Career path to NYC Brokerage Analyst as a Canadian

lilsniffy's picture
Rank: Chimp | 9

Hey y'all,

I'm a second year University Student at a Canadian target school in Ontario - studying Econ. I'm graduating next year year, hope to move to NYC post-grad. I'd like to transition into Real Estate finance one day, with an eye on Development later on.

My grades likely eliminate me from going down the IB route. I work for a small student housing company in my school's city during the year and will be transitioning into a project manager type role during this summer. I'd like to try to break into a major Brokerage as an Analyst as a starting point.

I have some connections to people at Cushman/Colliers in Montreal/Toronto, I'm undecided about getting a job at one of these branches or trying to go straight to NYC to break in.

Thank you for your help

Comments (5)

Most Helpful
Mar 21, 2019

I moved from Canada to US a few years ago. Depends on where you want to end up long term. RE is a very relationship business on both sides.

Brokerage and REPE and development are quite different in skillset the more your career progresses, but for entry and mid-level roles you can pick up solid skills either way as long as you get good deal flow and constantly put in extra time learning the trade. You get to meet a lot of clients and service providers, pick up sales skills, and know the specific markets very well in brokerage. In REPE you probably pick up financial skills faster and can transfer this skill better across different regions and countries. You may notice there aren't very many experienced brokers who have worked in both countries, let alone different regions, whereas maybe on the buy-side there is slightly more overlap.

Grades matter less the longer you are in the field, however if you want to break into a competitive firm now then it will definitely matter more.

Another consideration is work authorization. Most US firms won't bother to hire you even if they like you if you do not already have US work authorization. All things equal, it is easier for them to hire a local candidate with less headache.

NYC is also a world of its own, overall there are more opportunities but also more competitive. There lots of firms you've probably never heard of before that do very well so there is always opportunity if you grind and make the right connections.

Keep in mind you are at a starting disadvantage looking for work in the States because you are perceived as an unknown quantity and an outsider with no U.S. network, no U.S. work experience nor U.S. education. You don't stand out whereas even a local kid who graduated from a non-target American school will be ahead of you simply because of citizenship.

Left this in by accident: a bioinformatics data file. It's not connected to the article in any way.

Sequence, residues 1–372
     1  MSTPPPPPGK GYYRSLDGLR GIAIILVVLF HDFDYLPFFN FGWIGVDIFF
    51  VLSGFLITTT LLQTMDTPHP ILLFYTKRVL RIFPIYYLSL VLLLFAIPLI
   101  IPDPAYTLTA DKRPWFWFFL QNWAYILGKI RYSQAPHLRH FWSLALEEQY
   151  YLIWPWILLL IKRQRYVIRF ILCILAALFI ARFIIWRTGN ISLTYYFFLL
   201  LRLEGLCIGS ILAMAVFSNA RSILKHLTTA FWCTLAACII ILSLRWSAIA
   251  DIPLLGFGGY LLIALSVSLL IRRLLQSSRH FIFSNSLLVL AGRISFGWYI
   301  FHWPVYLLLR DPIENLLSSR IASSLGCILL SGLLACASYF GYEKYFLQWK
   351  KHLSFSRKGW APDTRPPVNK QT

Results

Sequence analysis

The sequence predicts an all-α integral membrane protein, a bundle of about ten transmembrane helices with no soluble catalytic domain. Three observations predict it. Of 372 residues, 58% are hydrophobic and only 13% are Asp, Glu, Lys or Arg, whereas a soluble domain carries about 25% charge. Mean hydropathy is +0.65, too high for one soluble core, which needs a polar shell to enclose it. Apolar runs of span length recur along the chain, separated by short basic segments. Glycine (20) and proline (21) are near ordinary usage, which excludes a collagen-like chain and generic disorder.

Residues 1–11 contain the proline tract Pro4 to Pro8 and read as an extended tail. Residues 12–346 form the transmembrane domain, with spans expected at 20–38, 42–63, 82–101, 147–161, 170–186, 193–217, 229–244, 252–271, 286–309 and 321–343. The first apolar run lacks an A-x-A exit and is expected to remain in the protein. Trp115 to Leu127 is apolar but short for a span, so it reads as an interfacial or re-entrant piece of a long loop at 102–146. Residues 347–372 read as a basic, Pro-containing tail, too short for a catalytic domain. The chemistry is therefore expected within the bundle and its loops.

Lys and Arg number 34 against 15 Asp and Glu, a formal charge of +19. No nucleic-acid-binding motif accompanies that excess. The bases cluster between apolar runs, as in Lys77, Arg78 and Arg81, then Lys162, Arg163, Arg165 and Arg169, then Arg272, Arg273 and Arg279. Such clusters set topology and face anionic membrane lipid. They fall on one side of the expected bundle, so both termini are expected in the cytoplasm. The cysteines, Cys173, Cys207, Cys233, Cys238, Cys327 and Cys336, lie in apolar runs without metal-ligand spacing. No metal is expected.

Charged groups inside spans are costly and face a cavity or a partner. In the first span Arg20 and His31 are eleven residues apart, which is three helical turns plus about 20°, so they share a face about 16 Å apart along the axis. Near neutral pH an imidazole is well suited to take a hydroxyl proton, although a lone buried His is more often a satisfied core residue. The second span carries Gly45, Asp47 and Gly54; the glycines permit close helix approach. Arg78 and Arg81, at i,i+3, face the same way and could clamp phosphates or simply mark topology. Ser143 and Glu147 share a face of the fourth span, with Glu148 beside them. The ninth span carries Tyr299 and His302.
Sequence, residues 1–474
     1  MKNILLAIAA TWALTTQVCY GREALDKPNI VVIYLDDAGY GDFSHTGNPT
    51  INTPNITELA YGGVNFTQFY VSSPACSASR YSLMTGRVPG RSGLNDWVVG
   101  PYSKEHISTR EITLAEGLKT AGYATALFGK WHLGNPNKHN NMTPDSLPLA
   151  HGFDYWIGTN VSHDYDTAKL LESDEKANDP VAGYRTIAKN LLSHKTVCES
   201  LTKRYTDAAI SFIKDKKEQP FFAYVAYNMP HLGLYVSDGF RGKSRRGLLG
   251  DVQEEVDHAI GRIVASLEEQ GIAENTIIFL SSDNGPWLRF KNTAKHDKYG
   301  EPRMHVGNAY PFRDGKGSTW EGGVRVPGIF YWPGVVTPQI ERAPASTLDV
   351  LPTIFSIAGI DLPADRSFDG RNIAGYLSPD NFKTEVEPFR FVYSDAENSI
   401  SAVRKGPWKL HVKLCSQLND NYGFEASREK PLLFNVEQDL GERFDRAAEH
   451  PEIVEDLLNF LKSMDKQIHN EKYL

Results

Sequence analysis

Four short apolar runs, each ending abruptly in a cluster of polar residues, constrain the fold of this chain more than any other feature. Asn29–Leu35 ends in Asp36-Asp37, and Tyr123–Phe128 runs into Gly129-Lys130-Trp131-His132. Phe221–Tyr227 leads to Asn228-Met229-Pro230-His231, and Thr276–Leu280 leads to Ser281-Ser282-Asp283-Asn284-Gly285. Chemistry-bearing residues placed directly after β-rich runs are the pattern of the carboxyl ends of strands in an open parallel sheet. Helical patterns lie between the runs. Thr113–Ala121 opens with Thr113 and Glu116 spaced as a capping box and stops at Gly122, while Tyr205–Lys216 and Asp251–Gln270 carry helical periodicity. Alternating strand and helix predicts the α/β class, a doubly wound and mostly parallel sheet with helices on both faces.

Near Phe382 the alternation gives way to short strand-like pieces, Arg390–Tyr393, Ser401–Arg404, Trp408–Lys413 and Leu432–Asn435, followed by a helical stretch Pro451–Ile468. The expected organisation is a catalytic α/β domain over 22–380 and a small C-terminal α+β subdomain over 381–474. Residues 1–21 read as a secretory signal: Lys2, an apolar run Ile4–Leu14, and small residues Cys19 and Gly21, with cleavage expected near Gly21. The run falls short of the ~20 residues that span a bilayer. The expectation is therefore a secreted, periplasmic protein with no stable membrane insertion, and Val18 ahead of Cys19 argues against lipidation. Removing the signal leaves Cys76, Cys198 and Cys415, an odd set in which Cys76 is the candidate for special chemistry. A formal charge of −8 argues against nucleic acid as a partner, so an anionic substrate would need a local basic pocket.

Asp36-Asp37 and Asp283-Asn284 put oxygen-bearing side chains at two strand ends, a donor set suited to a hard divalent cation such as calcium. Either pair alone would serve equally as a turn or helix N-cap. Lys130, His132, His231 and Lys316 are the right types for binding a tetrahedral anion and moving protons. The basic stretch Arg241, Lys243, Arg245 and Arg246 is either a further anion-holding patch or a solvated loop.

Outside of maybe UofT, UBC, McGill and maybe Queens (for NYC), most Americans will have never heard of whatever Canadian school you went to unless they have friends/family from Canada. So you will have to prepare well on disarming these negative stereotypes. In reality my experience has been that business works essentially the same on both sides -- cap rates, cash flow, capital stacks, structuring, building methods / materials, sourcing deals, closing deals, it's the same industry language and practice. I find market sizes (small towns v. big cities) matter more in terms of working culture.

Development as a subset of CRE is an even smaller field. There are only a handful of top shops who regularly hire for entry-level roles both in Canada and the States. In Canada the market is much smaller so relationships matter even more. Otherwise most shops run lean in both countries.

There is much more career opportunity in the US than Canada simply because the market size is so much bigger (300+ million population versus 34+ million), so it makes sense to try to slog it out down south since you will just be a fresh grad. If it doesn't work out you can always try to find a Canadian firm that also has a US presence and then try to internally transfer over.

Good luck!

I have approximate knowledge of many things.

    • 2
Mar 21, 2019

Thanks for advice,

Fortunately, I'm enrolled in one of the schools mentioned.

The point on brokers not operating in different regions often is a great one. I'm fluent in French so that may be an intriguing opportunity.

I was worried about work permit issues - I'll try nonetheless but I understand that they'd prefer to hire citizens.

Can I ask what you do?
Do you know what compensation for an analyst role in a major brokerage is like in a high COL city like Toronto/NYC?

Array

Mar 22, 2019

I'll direct message you. Thanks.

I have approximate knowledge of many things.

    • 1
Mar 21, 2019

Also try checking the alumni database of your school and reaching out to anyone based NYC.

I have approximate knowledge of many things.

Mar 25, 2019
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